X-rays good as gold in telling age
How do you tell the age of a Chinese gymnast?
Don’t bother with those government-issued passports or birth certificates.
Go for the X-rays.
For all the global hand-wringing over how international gymnastics officials will ever figure out whether three members of the Chinese women’s team were old enough to compete, doctors and forensics experts said it’s actually not too difficult.
The science of determining age is has been honed by decades of treating patients with growth disorders, identifying youthful homicide victims and determining the deportation status of illegal immigrants.
“It would be relatively easy,” said Dr. David Senn, a forensic odontologist at the University of Texas Health Sciences Center who has analyzed numerous X-rays of immigrants apprehended at the border.
The science is based on measuring the growth of bones and teeth as children mature. Decades of data have been distilled into detailed tables recording the precise size and shape of skeletal components broken down by age, sex and race.
The task is so straightforward that Dr. Peter Hampl, president of the American Board of Forensic Odontology, said the Chinese government should just consent to X-rays and let the films speak for themselves.
“If there is nothing to be afraid of, let their kids be X-rayed,” he said. “It’s almost incriminating if they don’t.”
It may seem strange that amid the outsized pageantry of the Beijing Games, the biggest controversy has surrounded three tiny Chinese gymnasts whose combined weight is 216 pounds.
The ages of He Kexin, Yang Yilin and Jiang Yuyuan came into question weeks ago after the discovery of online registration records listing birth dates that would make all three girls 14 years old. Olympic rules require that a gymnast be at least 16 during the year the Games are held. The government attempted to put the issue to rest by producing passports that declared the girls met the age requirement.
The controversy reached Olympian proportions after the Chinese team beat the American gymnasts in the team competition. In addition to the team gold, He edged American Nastia Liukin for the top prize in uneven bars by a tiebreaker, and Yang won the bronze medal in that event and in the all-around competition.
After new complaints surfaced, the International Olympic Committee announced Friday that it was asking the International Gymnastics Federation to reexamine the Chinese gymnasts’ age.
Instead of searching through documents, the matter could be settled with X-rays, said Dr. Gil Brogdon, a professor emeritus of radiology at the University of South Alabama in Mobile and author of the textbook “Forensic Radiology.”
Bones fuse together according to a well-documented schedule. For girls between the ages of 13 and 17, the best places to look are the knee, wrist, elbow and iliac crest on the pelvis, he said. The younger they are, the more obvious the evidence.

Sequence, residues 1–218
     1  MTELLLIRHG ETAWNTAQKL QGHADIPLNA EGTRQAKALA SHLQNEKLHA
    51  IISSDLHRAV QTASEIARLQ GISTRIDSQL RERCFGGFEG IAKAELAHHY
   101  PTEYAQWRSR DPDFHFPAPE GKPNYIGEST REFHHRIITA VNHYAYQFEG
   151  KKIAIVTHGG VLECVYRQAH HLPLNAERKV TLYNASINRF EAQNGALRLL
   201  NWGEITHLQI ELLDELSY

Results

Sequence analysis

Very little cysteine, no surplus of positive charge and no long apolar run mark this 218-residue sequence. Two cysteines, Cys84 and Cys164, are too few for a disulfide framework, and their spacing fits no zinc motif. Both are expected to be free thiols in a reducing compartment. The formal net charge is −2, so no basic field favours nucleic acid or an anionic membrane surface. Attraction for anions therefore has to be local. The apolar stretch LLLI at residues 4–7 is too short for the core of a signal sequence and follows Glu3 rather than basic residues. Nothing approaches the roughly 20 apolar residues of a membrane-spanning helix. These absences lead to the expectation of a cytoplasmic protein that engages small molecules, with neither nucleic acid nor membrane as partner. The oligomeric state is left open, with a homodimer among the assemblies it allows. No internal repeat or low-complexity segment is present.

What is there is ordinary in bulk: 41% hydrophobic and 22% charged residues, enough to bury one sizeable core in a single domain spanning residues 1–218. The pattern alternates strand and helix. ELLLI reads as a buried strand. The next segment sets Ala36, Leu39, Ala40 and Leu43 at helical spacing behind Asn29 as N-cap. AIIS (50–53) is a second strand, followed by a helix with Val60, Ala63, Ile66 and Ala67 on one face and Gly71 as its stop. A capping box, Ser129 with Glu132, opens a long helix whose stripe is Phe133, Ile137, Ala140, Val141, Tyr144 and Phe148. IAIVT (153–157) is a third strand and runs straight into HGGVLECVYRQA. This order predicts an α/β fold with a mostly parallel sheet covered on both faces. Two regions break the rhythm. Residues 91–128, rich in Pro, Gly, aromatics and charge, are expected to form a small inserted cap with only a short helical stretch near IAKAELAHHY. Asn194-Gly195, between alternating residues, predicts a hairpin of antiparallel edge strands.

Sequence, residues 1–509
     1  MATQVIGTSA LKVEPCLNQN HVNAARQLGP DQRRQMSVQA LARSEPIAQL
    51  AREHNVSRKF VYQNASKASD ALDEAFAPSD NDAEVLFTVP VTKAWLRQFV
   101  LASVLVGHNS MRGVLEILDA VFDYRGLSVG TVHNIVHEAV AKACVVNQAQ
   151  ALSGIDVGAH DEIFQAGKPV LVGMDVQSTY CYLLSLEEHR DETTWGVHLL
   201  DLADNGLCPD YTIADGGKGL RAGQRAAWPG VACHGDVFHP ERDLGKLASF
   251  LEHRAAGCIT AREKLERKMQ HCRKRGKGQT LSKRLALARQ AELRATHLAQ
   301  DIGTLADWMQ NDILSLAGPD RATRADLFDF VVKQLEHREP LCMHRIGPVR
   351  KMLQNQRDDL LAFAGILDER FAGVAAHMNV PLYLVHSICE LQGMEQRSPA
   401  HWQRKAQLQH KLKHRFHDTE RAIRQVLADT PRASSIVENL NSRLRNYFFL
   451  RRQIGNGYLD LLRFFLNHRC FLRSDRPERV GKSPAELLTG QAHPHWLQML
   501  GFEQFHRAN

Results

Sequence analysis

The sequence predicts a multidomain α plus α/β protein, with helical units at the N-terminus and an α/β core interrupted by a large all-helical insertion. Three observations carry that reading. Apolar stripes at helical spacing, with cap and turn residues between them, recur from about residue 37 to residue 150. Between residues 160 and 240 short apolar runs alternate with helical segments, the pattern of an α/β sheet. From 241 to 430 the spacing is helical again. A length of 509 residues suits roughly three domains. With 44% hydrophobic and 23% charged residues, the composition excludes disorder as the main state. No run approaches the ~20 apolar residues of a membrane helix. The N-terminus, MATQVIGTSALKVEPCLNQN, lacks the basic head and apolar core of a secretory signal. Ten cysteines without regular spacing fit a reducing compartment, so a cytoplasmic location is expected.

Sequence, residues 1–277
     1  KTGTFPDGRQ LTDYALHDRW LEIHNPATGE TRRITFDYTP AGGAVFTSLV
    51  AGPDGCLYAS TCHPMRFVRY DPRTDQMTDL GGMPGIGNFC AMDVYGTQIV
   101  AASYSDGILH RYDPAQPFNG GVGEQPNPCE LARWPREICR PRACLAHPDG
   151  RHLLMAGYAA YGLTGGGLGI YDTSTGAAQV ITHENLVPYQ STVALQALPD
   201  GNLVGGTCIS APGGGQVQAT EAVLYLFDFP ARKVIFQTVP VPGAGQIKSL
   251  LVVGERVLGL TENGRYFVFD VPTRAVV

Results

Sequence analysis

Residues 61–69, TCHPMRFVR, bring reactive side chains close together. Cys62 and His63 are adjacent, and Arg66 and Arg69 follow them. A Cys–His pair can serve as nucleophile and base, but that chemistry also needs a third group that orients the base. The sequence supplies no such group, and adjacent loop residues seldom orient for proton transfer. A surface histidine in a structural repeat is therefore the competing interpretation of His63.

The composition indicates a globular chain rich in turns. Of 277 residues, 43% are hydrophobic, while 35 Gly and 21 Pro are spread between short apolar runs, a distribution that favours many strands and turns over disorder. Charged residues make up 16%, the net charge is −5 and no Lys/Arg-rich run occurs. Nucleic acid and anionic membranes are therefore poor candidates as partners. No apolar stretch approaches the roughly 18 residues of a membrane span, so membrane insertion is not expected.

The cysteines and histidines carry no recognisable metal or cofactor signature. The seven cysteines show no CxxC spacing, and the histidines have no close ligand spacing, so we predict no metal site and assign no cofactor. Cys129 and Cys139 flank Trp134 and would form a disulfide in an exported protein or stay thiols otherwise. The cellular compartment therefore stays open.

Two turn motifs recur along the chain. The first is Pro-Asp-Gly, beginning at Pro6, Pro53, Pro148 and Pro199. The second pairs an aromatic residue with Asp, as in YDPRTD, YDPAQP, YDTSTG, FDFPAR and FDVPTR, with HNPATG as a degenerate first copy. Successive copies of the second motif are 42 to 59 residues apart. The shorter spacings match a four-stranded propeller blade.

“A Caucasian girl is going to fuse her knee centers at about age 15; they’re going to fuse their iliac crest at about age 16; and part of the elbow will start fusing around 13 or 14,” he said. “That’s the way you do it.”
For the Chinese gymnasts, investigators would have to consult growth tables for Asian girls, Brogdon said.
One complication with teenage girls is that strenuous exercise can suppress estrogen production, delaying bone development and making them appear to belong to a younger person, said Dr. Vicente Gilsanz, a professor of radiology and pediatrics at USC.
But Brogdon said that by comparing multiple bones, “you could come pretty close” to distinguishing a 14-year-old from a 16-year-old.
Teeth are also useful. U.S. immigration authorities often rely on dental X-rays to determine for deportation purposes whether an illegal immigrant is an adult or a minor.
“Of course, everybody who gets arrested says they are 17,” Senn said.
He said he can pinpoint ages within 18 months using images of a person’s wisdom teeth, which start forming around age 9 and are not fully developed until around 19. For the Chinese gymnasts, Senn said, he would also look at their second molars, which grow until age 15 or so.
Dr. Michael Baden, chief forensic pathologist for the New York State Police, said that with both teeth and skeletal X-rays, “you should be able to get within 12 months” of someone’s age.
All this science probably won’t mean much because Chinese authorities are not likely to agree to let independent doctors take X-rays of their gymnasts.
In that case, sports fans will be left to contemplate the girls’ physical appearance.
“I must say, they do look kind of young,” Baden said.
Times staff writers Mary Engel and John Johnson Jr. contributed to this report.